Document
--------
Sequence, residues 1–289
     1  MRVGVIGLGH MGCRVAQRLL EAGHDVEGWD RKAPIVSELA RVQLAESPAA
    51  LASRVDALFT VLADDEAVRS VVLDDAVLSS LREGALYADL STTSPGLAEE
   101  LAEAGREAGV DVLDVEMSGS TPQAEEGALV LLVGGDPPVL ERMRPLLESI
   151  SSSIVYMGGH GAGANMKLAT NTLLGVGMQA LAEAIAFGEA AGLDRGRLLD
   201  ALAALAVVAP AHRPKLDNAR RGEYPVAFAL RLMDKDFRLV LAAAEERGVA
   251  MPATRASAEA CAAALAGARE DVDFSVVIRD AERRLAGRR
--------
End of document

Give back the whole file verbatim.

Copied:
Sequence, residues 1–289
     1  MRVGVIGLGH MGCRVAQRLL EAGHDVEGWD RKAPIVSELA RVQLAESPAA
    51  LASRVDALFT VLADDEAVRS VVLDDAVLSS LREGALYADL STTSPGLAEE
   101  LAEAGREAGV DVLDVEMSGS TPQAEEGALV LLVGGDPPVL ERMRPLLESI
   151  SSSIVYMGGH GAGANMKLAT NTLLGVGMQA LAEAIAFGEA AGLDRGRLLD
   201  ALAALAVVAP AHRPKLDNAR RGEYPVAFAL RLMDKDFRLV LAAAEERGVA
   251  MPATRASAEA CAAALAGARE DVDFSVVIRD AERRLAGRR